Yes. Distance is not a factor, providing sufficient size wire is used, and allowing for voltage drop. Your utility or electrician can calculate voltage loss.
Is it difficult to install?
No. It is the easiest of all types to install, comparable to installing any electric motor. A disconnect switch or magnetic starter is needed to start the converter and the single phase wiring must be adequate to handle the current of all of the motors to be operated. It must be emphasized that our wiring recommendations should be carefully followed.
What is the life expectancy of the Roto-Phase?
The Roto-Phase can last longer than the motors and equipment being used. It is never more than lightly loaded and very cool running under load. Temperature rise is greatest under no-load condition.
What is the cost of operation?
We make no claims on savings on electric bills because kilowatts used will be the same whether motors be single phase, three phase, or three phase motors operated through the Roto-Phase. However, an Indiana power company's three year study revealed that corn was dried at less than 1/2¢ per bushel electrical cost. Their study also revealed that no single phase motor or three phase drying installation had a per bushel electric cost as low as this. The high efficiency of the Roto-Phase distribution system largely accounts for this.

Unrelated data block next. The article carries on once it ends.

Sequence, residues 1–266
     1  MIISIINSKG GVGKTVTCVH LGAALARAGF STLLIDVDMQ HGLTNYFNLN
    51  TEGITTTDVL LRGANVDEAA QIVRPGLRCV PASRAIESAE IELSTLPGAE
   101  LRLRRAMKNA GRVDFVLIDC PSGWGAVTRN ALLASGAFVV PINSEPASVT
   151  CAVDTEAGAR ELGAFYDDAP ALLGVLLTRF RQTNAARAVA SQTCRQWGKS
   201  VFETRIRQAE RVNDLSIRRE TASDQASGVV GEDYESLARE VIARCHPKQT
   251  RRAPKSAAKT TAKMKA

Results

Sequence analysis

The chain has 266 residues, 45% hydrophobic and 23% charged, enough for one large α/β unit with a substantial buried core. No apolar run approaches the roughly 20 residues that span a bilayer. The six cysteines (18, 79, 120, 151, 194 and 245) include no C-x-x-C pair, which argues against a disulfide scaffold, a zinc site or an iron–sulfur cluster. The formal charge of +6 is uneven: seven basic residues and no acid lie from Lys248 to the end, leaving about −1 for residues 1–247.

How does cost compare with other methods?